STAFF EDITORIAL: Post 9/11 G.I. Bill honors veterans, their families

The Servicemen’s Readjustment Act of 1944, or the G.I. Bill, has been called the most significant piece of legislature ever written in the U.S.

Eight million people in WWII took advantage of the G.I. Bill, leading to an age of technological expansion and prosperity that yielded the moon landing, the nuclear age and rapid advances in medicine.

The expansion of the G.I. Bill in the Post 9/11 G.I. Bill has the ability to provoke similar growth from another generation of soldiers returning from foreign wars.

President Bush signed the expansion in 2008, but the first of those slated funds was disbursed on August 1. This funding is intended to pay for in-state tuition at a university and includes stipends for room and board, books and additional tutorial assistance.

Service members also have an option to transfer their college benefit to their children or spouses if they sign up for another four years.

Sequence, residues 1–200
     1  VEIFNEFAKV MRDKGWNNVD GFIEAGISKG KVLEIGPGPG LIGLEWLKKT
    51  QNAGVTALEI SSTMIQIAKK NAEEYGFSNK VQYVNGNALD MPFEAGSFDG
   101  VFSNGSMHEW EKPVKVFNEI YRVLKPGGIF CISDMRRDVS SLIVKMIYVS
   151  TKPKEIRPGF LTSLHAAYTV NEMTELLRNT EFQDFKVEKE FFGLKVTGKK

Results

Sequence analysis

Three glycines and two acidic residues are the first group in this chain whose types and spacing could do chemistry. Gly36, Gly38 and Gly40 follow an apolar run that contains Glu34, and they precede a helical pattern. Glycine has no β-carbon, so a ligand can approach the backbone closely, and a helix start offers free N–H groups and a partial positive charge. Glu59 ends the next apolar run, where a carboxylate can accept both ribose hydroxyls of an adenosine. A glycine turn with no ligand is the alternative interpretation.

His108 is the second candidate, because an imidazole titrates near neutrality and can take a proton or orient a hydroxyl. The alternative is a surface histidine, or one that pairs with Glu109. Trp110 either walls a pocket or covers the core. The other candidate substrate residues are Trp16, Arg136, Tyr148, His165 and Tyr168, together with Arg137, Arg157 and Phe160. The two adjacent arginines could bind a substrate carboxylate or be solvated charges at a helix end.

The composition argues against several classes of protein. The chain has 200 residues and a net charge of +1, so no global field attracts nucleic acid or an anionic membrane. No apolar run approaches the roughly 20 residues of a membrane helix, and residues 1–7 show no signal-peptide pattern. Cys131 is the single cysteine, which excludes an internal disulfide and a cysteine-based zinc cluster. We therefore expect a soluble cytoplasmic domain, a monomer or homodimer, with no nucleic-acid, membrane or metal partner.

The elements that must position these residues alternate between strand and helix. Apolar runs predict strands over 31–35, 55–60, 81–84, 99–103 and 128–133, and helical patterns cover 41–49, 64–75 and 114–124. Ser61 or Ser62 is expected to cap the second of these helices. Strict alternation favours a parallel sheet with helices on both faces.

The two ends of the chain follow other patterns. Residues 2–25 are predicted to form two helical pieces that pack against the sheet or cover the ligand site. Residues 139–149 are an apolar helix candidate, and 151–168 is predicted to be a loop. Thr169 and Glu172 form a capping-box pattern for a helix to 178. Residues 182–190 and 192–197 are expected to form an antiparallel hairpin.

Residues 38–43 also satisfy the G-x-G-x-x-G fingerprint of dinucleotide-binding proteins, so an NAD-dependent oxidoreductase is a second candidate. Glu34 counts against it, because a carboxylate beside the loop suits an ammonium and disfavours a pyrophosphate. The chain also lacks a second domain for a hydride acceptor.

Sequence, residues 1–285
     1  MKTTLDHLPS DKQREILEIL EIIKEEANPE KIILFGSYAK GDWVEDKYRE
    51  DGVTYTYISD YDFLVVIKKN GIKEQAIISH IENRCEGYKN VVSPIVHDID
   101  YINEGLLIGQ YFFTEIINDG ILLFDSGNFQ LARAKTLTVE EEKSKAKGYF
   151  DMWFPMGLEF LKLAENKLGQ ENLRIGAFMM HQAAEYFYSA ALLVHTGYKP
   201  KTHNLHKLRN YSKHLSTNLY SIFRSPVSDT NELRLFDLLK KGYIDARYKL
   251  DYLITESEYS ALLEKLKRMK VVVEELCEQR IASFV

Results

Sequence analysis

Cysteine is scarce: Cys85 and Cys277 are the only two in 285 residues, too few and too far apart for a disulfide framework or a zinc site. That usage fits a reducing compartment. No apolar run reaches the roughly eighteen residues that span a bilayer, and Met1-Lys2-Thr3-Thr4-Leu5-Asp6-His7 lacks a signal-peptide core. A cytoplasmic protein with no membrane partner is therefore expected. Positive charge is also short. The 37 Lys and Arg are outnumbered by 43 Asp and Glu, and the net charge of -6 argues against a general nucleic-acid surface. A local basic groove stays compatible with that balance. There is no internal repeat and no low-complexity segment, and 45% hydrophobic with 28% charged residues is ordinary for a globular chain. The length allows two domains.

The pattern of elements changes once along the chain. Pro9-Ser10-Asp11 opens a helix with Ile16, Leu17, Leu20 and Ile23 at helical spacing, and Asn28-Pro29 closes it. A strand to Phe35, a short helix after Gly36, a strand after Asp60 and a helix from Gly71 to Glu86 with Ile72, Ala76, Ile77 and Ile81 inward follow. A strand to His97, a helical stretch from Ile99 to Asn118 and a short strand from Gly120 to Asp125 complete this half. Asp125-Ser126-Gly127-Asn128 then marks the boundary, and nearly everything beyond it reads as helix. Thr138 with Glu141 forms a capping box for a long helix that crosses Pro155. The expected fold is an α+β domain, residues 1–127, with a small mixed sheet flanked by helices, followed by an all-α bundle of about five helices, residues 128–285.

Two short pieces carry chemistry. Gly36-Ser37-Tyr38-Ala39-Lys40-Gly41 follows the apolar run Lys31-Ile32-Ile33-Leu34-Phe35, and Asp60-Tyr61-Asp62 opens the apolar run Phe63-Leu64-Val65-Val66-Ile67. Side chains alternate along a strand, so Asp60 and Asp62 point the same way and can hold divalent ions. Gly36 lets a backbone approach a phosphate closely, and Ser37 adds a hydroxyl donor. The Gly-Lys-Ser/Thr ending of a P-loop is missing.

The original bill was intended to give veterans a chance at reintegrating into civilian population. Some found it to be patronizing, while others saw it as another ‘government handout,’ almost antithetical to the military ideal.

This bill treats soldiers and their families as valuable resources instead of liabilities, and soldiers are responding in droves to the benefits offered.

Kimberley Hefling of the Associated Press reports an approximate 112,000 Post 9/11 Bill claims have been processed, with 25,000 service members requesting a transfer of benefits. This adds up to a large boost to college and university enrollment as soldiers return stateside.

These soldiers have been through remarkably rough situations in the field, experiences which are likely to give them a different viewpoint on education.

When the first G.I. Bill was passed, higher education was reserved largely for the richer and more privileged members of society. It was, in fact, one of the privileges that defined the term.

Soldiers returning from war are no longer seen as liabilities, but as assets. We look forward to welcoming them back home, and seeing them in our classrooms.

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